The Flat Iron made its way onto my list of “places to eat” easily. The restaurant was recommended to me by my Dad – who over the course of his brief stay now knows better places to eat in London than me – via a Chinese website promoting the best value London eats, and in reviews closer to home it ranks among the top places to eat for steak-lovers in London. A fine reputation among both local and foreign diners was all it took, plus a special occasion to justify yet another dining-out night. Continue reading
Not the cute, long-eared kind but the hot, tubby kind. Yes, I’m talking about bunny chow. I don’t know how ‘bunny’ comes into it, but bunny chow (or ‘bunny’ for short) is as South African as Chicken Tikka Masala is British, and nothing to do with rabbits. Bunny chow was created by Indian immigrants living in Durban in the 1940s, as the poster on the toilet door of the eponymous fast food restaurant Bunnychow informed me. It consists of a hollowed-out half-loaf of bread, filled with curry, and topped with a bread lid. The bread loaf is smaller than your average loaf, but still big enough for it to be common for two people to share a single bunny. Though we only found this out after we had ordered one bunny each!
Last term I was recommended pizza from The White Rabbit pub by a friend. I had walked past it on many occasions, and observed its boast of serving “gourmet artisan pizza”, but not being a fan of pub grub, had passed the opportunities to eat there. But now here was a recommendation, and my interest was piqued. Continue reading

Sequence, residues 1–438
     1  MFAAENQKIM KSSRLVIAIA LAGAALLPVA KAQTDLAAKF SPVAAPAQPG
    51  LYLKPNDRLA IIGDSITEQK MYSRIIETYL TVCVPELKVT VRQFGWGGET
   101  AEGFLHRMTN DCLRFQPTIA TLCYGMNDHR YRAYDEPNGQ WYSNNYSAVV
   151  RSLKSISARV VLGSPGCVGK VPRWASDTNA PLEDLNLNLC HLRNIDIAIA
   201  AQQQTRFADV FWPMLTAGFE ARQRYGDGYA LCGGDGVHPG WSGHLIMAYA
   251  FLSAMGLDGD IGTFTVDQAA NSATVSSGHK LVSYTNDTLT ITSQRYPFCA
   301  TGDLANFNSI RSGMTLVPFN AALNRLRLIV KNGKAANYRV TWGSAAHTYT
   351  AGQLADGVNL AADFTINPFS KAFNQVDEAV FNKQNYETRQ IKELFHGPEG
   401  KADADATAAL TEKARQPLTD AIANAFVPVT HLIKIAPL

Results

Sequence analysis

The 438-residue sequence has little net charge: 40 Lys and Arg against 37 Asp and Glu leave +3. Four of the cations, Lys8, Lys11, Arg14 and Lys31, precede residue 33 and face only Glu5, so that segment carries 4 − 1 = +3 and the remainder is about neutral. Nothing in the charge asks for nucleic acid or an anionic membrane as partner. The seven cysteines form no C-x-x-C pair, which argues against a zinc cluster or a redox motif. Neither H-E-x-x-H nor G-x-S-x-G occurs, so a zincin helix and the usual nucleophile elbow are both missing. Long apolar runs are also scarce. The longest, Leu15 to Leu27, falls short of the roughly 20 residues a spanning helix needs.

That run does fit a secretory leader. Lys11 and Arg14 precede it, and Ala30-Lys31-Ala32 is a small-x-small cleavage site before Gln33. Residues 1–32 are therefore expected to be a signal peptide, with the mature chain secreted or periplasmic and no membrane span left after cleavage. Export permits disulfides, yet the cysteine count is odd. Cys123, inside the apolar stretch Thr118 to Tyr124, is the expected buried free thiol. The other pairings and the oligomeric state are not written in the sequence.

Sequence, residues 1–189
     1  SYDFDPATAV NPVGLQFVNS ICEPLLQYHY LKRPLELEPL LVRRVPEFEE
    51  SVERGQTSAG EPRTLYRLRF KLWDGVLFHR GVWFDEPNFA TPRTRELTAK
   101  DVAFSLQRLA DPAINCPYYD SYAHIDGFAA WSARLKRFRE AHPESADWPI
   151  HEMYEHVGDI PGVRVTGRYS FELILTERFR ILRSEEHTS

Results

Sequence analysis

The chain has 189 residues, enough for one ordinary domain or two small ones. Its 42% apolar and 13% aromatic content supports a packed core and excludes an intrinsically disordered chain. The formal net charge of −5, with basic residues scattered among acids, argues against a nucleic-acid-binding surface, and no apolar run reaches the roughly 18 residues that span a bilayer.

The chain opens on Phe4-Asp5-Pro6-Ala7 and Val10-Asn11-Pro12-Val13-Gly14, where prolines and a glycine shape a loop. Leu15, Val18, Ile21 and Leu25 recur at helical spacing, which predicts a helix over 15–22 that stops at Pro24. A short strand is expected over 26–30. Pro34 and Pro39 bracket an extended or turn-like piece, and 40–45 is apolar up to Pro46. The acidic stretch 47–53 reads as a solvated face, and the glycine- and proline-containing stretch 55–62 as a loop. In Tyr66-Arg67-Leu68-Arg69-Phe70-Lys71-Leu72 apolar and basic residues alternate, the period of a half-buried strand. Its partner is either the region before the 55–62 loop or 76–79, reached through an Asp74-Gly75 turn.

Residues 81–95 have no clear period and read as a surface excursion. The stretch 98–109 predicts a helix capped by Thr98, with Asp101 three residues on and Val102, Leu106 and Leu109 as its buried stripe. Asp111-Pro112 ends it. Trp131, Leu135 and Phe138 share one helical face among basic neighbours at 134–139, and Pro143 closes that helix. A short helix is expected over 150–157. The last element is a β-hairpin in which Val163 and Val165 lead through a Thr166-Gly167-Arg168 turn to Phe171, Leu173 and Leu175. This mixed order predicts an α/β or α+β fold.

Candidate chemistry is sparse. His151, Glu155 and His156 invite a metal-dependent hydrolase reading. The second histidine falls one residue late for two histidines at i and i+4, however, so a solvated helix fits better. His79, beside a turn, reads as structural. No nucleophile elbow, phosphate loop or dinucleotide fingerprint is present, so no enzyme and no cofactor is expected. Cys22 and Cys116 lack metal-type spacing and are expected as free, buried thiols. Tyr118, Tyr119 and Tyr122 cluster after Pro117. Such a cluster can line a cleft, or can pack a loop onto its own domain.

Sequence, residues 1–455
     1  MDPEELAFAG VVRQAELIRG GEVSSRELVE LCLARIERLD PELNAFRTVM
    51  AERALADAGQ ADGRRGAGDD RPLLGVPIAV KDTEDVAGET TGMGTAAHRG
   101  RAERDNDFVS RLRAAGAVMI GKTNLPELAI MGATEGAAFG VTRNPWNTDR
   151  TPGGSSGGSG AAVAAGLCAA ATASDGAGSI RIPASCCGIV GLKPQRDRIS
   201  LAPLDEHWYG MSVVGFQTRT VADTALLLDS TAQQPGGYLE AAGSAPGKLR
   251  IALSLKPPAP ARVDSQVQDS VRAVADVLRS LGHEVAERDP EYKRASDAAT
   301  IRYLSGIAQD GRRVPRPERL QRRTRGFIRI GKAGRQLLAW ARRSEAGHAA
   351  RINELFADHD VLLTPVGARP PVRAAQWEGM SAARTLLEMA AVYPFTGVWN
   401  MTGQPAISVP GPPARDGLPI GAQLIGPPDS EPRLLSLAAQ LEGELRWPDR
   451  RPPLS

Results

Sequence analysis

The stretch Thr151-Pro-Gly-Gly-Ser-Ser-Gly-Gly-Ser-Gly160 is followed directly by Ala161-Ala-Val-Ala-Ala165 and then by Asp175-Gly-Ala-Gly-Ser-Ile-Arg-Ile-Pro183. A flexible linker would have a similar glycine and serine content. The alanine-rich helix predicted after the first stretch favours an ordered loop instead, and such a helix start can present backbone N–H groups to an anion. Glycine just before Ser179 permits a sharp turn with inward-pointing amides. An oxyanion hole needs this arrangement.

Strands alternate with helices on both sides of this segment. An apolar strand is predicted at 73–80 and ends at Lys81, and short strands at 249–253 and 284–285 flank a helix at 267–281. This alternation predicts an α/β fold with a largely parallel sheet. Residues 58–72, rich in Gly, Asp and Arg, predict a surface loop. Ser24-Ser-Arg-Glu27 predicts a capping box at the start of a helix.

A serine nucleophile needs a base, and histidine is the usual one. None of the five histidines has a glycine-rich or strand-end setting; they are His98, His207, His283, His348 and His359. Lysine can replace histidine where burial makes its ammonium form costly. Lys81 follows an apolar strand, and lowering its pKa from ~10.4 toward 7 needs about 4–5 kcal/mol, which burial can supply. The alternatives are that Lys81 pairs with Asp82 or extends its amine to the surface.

Alone but want to eat out without looking like a loner? Then try a ramen bar – they should have quick service, friendly staff, mind-boggling condiment and food containers to divert you, and customers just like you. Continue reading
On the last weekend before Christmas last year, I dined at Tënu, a Finnish pop-up restaurant. Opened by restauranteur and culinary designer Antto Melasniemi and Klaus Haapaniemi, its short December run in London corresponded with daily Twitter updates of the Tënu myth, the inspiration behind the restaurant. Enticed by the cuisine, which I had never eaten before, and media hype, I set about selling its tasting menu to my friends. It cost £49.50 per person as opposed to £49.50 for courses to be shared as I had thought, based on the advice on the Tënu website. Continue reading
The Tincan pop-up tapas restaurant in Soho is unmistakable from afar. Rows of colourful tins give a metallic glow from their mounts on the smooth black walls, attracting passers-by in from the dark night. The decor is minimalistic – as clean and stylish as the serving of the food itself. Continue reading